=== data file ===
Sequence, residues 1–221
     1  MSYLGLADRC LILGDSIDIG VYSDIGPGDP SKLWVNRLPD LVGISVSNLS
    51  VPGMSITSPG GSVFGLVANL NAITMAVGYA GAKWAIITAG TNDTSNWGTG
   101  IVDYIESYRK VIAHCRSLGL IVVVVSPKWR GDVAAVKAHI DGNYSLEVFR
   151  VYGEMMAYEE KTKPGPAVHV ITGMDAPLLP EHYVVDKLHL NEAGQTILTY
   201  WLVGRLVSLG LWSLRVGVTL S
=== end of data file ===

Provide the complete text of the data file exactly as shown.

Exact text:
Sequence, residues 1–221
     1  MSYLGLADRC LILGDSIDIG VYSDIGPGDP SKLWVNRLPD LVGISVSNLS
    51  VPGMSITSPG GSVFGLVANL NAITMAVGYA GAKWAIITAG TNDTSNWGTG
   101  IVDYIESYRK VIAHCRSLGL IVVVVSPKWR GDVAAVKAHI DGNYSLEVFR
   151  VYGEMMAYEE KTKPGPAVHV ITGMDAPLLP EHYVVDKLHL NEAGQTILTY
   201  WLVGRLVSLG LWSLRVGVTL S